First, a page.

Work Header

Need you to remind me where I come from

Work Text:

Need you for the old me
Need you for my sanity
Need you to remind me where I come from
Can you remind me of my gravity?
Ground me when I'm tumblin', spiralin', plummetin' down to Earth
You keep me down to Earth

After three weeks and one day after the carousel event, he calls her.

It took a while to get used to the new nightmares – except he didn’t really got used to them, not really, not after he banged Billy Russo’s head repeatedly into the broken glass, bang bang bang, blood splattering all over the place once again – and the not so new appearances of the clear, almost too bright, blue eyes that kept rolling around his brain, even when he’s awake.

Curtis’s group helped him to get back on his feet – still stumbling, but up nonetheless – and guide him through the new real life he had. A free life, as a free man. It was done. All the blood and shots fired and anger towards the murder of his family were gone and only grief and sadness surrounded him when he thought about Maria and the kids.

God, he missed them.

But he was alive, and they were dead. He was alive and Frank had to live with the pain, but it didn’t mean he wasn’t allowed to feel anything else.

God, he missed her.

The smile full of teeth, the hair that formed a golden curtain around her face, the eyes that he trusted so much, and trusted him back completely. How could a woman like that love a man like him, full of scars and wounds still healing, dark soul e hand full of still fresh blood? How could she defend him relentlessly, after all the things he’s done?

When she picks up the phone, she sounds tired.


The thought of ending the call passes his mind, but Frank is not a coward. He took a bullet for this woman, and he was afraid to talk to her on the phone. Fucking pathetic.

“Yeah, hi.” He says, not bothering telling who’s talking. She’ll know his voice.

Frank hears her sigh of what sounded like relief and exasperation.

“Frank? Oh my God.”

“No, sorry, it’s Pete now.” He says, fingers playing nervously with the hem of his t-shirt. Frank has taken so many punches, kicks, even a bullet in the head, but hearing Karen Page’s voice hurt a million times more. But it was a good pain, the kind that knocked the air out of his lungs and pressed his heart into his chest.

Her laugh is the greatest thing he’s heard in weeks.

“I don’t know if I should be mad or relieved.”

“I think both would be ok, right? I-I did die and came back to life again without calling you, so…” Frank’s voice broke at the end of the sentence, apologetic, full of regret and something else – something like hope.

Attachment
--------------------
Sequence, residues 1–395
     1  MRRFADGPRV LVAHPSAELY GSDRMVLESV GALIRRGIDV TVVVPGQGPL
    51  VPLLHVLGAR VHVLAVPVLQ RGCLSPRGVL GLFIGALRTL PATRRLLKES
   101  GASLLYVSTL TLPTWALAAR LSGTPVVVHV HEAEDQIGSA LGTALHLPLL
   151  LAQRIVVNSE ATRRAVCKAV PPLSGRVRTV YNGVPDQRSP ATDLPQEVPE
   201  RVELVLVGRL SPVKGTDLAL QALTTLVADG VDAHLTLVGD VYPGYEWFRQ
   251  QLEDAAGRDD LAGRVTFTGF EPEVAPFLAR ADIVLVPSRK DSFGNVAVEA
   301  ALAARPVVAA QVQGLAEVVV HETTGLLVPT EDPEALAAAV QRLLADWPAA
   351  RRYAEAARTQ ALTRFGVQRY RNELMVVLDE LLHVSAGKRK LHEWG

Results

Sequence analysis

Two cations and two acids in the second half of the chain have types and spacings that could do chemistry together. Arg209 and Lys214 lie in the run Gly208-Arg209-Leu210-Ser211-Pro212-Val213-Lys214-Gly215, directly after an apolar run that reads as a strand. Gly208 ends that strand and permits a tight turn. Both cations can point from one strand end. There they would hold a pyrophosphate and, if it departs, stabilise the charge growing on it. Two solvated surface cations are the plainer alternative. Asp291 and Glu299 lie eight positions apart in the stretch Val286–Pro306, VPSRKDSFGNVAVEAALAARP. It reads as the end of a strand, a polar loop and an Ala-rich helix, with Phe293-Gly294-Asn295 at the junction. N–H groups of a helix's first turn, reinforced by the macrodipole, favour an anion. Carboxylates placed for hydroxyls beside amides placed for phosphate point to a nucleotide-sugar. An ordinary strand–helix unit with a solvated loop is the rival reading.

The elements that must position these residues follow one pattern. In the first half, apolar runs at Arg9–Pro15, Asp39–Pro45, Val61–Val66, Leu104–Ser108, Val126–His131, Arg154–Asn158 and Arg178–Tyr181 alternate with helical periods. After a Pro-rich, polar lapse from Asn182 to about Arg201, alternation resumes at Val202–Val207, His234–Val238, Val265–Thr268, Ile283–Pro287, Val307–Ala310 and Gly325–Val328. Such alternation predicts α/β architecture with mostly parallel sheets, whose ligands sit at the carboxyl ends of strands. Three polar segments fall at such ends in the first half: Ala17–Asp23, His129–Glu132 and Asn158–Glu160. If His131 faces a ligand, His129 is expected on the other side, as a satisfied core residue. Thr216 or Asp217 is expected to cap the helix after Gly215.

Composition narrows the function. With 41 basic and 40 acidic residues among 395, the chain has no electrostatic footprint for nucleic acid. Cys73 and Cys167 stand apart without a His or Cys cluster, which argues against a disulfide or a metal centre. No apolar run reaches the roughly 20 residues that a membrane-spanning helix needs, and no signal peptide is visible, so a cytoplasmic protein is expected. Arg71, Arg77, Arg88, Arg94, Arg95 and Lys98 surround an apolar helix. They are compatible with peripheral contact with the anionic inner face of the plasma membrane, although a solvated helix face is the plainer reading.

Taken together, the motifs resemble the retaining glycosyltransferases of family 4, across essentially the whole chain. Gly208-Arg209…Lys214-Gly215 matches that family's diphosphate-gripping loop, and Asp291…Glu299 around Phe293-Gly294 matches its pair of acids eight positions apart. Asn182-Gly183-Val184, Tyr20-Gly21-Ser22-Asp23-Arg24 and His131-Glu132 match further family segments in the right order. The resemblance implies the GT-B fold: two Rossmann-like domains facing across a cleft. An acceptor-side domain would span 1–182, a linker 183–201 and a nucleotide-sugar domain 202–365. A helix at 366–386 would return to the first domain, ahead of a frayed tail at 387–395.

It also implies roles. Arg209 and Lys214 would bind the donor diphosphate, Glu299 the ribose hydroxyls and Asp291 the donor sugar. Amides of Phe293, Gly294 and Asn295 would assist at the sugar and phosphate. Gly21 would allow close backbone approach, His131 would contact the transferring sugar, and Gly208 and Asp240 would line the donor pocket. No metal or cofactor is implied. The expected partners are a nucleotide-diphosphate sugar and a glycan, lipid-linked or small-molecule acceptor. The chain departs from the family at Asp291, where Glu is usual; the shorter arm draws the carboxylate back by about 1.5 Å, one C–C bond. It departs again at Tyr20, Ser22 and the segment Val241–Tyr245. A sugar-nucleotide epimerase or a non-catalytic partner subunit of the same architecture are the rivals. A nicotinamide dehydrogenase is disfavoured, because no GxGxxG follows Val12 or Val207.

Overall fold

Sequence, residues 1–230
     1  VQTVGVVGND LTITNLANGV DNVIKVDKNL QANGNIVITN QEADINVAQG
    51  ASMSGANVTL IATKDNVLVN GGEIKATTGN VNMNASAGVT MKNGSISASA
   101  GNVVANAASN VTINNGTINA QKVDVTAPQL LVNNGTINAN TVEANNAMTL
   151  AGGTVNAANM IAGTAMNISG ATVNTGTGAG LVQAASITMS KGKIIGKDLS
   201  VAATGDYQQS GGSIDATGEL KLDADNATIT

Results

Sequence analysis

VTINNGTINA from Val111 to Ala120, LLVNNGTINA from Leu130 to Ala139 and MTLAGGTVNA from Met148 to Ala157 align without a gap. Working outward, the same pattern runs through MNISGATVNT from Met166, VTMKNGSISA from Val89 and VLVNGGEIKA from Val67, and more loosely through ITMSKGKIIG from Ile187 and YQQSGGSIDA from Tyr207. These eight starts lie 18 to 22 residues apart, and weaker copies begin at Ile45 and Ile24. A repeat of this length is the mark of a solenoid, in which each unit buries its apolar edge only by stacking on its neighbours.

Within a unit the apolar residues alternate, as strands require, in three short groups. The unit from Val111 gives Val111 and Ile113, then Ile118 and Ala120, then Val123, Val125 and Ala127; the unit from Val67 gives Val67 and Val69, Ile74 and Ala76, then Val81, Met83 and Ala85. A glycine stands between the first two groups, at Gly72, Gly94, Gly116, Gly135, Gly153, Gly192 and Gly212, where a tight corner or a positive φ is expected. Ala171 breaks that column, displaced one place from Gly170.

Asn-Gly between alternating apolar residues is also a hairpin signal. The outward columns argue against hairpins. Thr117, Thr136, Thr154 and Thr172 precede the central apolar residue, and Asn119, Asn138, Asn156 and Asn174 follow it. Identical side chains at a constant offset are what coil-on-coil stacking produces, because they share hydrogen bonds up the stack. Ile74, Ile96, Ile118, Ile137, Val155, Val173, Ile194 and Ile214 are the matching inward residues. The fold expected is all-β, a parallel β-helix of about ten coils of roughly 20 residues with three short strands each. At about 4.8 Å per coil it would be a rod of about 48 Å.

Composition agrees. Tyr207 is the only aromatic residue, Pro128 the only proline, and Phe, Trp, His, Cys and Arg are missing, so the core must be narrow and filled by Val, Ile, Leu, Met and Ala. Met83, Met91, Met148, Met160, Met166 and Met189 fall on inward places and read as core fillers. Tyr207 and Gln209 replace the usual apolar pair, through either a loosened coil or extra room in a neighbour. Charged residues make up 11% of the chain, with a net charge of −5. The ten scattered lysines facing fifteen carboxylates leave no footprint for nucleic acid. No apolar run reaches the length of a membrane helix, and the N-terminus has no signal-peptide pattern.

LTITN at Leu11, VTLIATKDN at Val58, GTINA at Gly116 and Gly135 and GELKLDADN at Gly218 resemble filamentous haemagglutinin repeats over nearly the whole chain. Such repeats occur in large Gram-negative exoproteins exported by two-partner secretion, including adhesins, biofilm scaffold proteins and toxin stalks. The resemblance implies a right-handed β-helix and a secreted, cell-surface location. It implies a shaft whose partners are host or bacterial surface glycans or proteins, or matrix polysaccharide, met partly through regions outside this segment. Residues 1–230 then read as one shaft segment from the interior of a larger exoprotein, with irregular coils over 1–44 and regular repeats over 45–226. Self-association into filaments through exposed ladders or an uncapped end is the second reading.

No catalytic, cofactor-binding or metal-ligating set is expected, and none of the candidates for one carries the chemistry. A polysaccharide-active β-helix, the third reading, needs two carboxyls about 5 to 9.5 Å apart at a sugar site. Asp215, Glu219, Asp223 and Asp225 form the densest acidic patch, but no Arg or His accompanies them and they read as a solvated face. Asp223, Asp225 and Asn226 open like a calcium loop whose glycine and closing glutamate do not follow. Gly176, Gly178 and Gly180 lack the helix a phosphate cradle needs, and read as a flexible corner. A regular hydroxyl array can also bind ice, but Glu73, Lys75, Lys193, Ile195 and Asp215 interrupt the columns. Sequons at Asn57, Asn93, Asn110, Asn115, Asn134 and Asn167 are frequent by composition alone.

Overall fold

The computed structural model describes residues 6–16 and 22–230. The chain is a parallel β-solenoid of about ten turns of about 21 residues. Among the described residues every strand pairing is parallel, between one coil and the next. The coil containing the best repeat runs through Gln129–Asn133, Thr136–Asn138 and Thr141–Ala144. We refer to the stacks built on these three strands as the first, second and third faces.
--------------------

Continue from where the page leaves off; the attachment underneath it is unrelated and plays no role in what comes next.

“Yeah, you did.” She said, sounding thoughtful. “How are you, Frank?” her voice sounds like she wanted to say something else.

I care about you. I missed you. I was worried.

“I’m, y’know… Tryna get through being normal again. Working and shit.”

“That’s good.” She says pleased, almost happy. “I’m really glad you’re trying.”

“Yeah yeah yeah, me too. How about you? You doing ok?”

Karen stays quiet for a few seconds, maybe trying to come up with an answer.

“I don’t know.”

Frank’s heart sinks, burning with the desire of doing something to make her feel better.

“Ok. If you need anything, know you can call this number.”

“Sure.” She sound amused. “Pete Castiglione, local bartender, occasional psychologist.”

She knew.

Sarah is my family.

Frank’s body froze, filled with warm with the realization that she’d looked for him. Karen Page raced after the truth, nothing new to that, but this time – this time was different. Karen Page didn’t like the thought of losing him, and he didn’t know what to do with that information.

That woman never stopped amazing him. She cared about him deeply, he knew that now, and his stomach dropped to his feet, hand sweating, even the googly eyes appeared. Like a goddamn teenager.

Listen to me. Listen… I’m only gonna say this once. So is Karen.

“I’m a multitask kinda guy.” He says in a raspy voice. “Good talking to you, Karen.”

“That’s it?”

His hearts stops for the millionth time during that talk.

“What you mean?”

“You call me after what- three weeks playing dead, and don’t even offer a cup of coffee?”

It’s really good to see you.

“How rude of me, heh?” he lets a breathy laugh. “I’m sorry ma’am, would you like to get a cupa coffee with this lonely ghost here?”

You have to do whatever it takes to take care of the people you love.

“I’d like that, sir.”

I don’t have a war to fight.